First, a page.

Christmas ad winners and losers 2016

Christmas ad winners and losers 2016

So it’s that time of year again- lights are twinkling, the smell of mince pies is wafting and the shops are heaving! What better way to get into the Christmas spirit than by checking out this year’s Christmas adverts. We all look forward to them (whether we like to admit it or not!) so let’s see who’s the star on the top of the tree, and who’s burned the turkey!

John Lewis – Buster
We have to start with John Lewis. They have successfully carved their place in the market year on year creating big, well-rounded campaigns; not only do you get the ad itself which moves you to tears, but you can buy the shopping bag or teddy to match! This year, Buster the dog surprises us all when he rushes for the first go on the trampoline on Christmas morning. John Lewis have admitted they wanted to avoid ‘sadvertising’ this year, after concerns last year’s man on the moon was too bleak. Buster is certainly charming and the message is clear, neatly tied up with John Lewis declaring ‘Gifts that everyone will love.’ But is it as moving as previous adverts, such as Monty the Penguin, the Bear and Hare or the Snowman? We’re not sure!




Sainsbury’s – The greatest gift
Fitting in with John Lewis’ sentiment that this year is more about Christmas cheer, Sainsbury’s has rather fittingly hired international funny man, James Corden to provide the comic relief. With a catchy song everyone can relate to, James Corden is now climbing the charts, rivalling the cover by Electronic trio Vaults of Randy Crawford’s One Day I’ll Fly Away used by John Lewis. Praised for its relatable, inclusive theme and focussing on quality time with family rather than material presents, it’s striking a chord with the nation. Plus, sticking with its blend of humour and sentiment (like with Mog last year) Sainsbury’s seem to be onto a winner. But, do we prefer the more solemn adverts, such as 2014’s world war one tribute? You decide!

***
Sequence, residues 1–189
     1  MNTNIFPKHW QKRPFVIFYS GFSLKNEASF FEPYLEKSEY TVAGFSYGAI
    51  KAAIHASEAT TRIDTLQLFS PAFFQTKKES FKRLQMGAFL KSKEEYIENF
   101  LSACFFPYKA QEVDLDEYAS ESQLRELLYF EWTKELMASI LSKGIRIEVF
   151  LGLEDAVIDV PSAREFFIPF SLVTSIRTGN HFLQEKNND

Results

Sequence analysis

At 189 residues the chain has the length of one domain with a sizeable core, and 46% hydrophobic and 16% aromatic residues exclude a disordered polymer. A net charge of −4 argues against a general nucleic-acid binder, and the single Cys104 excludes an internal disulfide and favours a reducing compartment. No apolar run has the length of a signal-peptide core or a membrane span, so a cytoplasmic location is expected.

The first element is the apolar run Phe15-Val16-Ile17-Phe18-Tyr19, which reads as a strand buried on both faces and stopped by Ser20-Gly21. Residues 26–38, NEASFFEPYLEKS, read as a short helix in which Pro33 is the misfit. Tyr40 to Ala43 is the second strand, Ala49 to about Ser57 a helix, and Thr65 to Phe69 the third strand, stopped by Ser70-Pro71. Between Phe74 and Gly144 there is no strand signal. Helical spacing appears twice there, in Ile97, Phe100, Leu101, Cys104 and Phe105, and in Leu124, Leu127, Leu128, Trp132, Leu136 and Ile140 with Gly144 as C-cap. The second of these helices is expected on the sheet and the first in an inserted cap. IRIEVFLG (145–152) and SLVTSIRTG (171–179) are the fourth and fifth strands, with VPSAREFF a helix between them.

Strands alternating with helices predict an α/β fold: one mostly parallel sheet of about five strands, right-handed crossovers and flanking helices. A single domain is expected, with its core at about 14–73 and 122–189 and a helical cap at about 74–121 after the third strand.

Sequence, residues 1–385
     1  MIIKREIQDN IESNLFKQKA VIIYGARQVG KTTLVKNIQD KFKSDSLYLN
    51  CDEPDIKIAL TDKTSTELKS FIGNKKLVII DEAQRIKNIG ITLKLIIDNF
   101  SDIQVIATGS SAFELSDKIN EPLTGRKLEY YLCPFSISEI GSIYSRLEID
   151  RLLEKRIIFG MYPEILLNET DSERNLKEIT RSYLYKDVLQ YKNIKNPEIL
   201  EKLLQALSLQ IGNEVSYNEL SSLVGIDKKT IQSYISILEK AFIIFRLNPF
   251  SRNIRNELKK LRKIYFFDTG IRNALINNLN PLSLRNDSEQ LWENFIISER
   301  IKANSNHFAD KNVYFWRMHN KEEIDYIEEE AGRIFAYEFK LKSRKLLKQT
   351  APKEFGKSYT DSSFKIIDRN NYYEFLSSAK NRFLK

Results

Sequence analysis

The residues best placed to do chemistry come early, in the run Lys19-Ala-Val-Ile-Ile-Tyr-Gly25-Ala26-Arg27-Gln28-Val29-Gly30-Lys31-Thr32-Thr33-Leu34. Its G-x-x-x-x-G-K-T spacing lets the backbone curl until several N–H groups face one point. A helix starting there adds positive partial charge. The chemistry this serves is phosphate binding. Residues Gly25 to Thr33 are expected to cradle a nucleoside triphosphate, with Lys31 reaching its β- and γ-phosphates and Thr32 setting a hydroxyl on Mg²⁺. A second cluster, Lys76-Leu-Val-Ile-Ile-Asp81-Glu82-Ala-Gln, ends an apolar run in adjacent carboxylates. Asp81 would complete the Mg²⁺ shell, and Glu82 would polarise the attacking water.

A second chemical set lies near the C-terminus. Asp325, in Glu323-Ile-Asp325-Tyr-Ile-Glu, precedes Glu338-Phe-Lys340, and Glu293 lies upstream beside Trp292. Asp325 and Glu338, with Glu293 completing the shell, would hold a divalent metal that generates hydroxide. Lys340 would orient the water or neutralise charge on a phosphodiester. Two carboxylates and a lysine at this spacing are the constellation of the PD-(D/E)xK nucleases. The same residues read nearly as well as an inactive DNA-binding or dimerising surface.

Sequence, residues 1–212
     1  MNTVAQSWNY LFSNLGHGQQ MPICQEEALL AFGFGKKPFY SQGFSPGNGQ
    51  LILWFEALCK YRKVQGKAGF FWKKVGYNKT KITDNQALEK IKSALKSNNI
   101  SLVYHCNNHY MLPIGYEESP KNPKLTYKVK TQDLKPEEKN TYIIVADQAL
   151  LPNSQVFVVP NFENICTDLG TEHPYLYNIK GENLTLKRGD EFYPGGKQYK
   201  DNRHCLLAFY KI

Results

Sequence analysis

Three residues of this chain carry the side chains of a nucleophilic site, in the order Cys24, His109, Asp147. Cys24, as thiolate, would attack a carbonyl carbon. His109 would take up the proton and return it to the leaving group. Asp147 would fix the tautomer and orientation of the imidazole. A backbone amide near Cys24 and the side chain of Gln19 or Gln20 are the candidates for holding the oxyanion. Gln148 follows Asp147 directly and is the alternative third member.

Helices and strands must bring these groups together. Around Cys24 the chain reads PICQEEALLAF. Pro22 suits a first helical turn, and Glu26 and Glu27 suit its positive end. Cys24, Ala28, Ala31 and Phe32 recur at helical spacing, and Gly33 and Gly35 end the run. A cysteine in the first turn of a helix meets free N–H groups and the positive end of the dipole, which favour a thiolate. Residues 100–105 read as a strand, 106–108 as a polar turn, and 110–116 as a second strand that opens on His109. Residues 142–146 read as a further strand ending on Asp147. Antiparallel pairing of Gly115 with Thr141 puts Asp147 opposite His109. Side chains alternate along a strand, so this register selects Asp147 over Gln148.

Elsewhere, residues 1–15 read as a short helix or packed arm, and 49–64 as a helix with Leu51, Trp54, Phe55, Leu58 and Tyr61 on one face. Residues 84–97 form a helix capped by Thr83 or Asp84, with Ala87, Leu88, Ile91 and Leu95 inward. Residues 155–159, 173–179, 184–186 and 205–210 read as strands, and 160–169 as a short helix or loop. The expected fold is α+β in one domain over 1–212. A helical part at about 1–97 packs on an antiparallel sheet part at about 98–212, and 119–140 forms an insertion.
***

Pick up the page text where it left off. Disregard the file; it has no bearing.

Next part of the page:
Coca Cola – Holidays are coming
For some Christmas starts with John Lewis. But for others, Christmas starts with the arrival of the Coca Cola Trucks! In 2016’s advert a young boy chimes the bells as he sees a fleet of bright red trucks wind around the horizon on their way to the town. Christmas joy quickly ensues. This is a tried and tested formula; Coca Cola tend to keep their adverts short and nostalgic. They’re not making particular statements as some of the other big brands are. They can afford to be confident as they’ve successfully established themselves as a Christmas brand, which includes touring their trucks around the UK. Though controversy has arisen this year, as Santa no longer winks from the back of the truck. Has this ruined it for you? Let us know in the comments below!




Marks and Spencer’s – Mrs Claus
Although facing crisis in the fashion section of their business, there’s no signs of trouble in M&S’ 2016 advert, featuring the Bond-like exploits of the often overlooked Mrs. Claus. This one ticks all the boxes for us- visually, it’s stunning (including Mrs. Claus’ red dress, which you can buy now), the music (by internationally acclaimed composer Rachel Portman) is spot on and the message is clear and sweet. This advert doesn’t over-think, it sticks with a Santa story and a brother trying to do something nice for his sister. A little clichéd perhaps, but not too gimmicky as perhaps the Sainsbury’s ad can come across. In particular, compared to last year’s rather crass and overly modern, the art of Christmas, M&S’ efforts this year are well thought out and moving. Our favourite for sure!




Heathrow- Coming home for Christmas
Heathrow seems like the odd one out here, but the airports actually have a rather unique angle that everyone can relate to, even if you don’t fly home for Christmas! Taking advantage of this, and the fact that everyone loves teddies, Heathrow have managed to successfully create that warm, fuzzy feeling! We watch as a bear couple navigate their way through Heathrow (making use of all the available services of course) and meeting with who we originally think are their owners… until they transform into grandparents. It’s a simple concept, but hugely effective; leaving the surprise or twist to the end of the advert (like with Monty the Penguin) making the reveal all the more satisfying. Do you agree?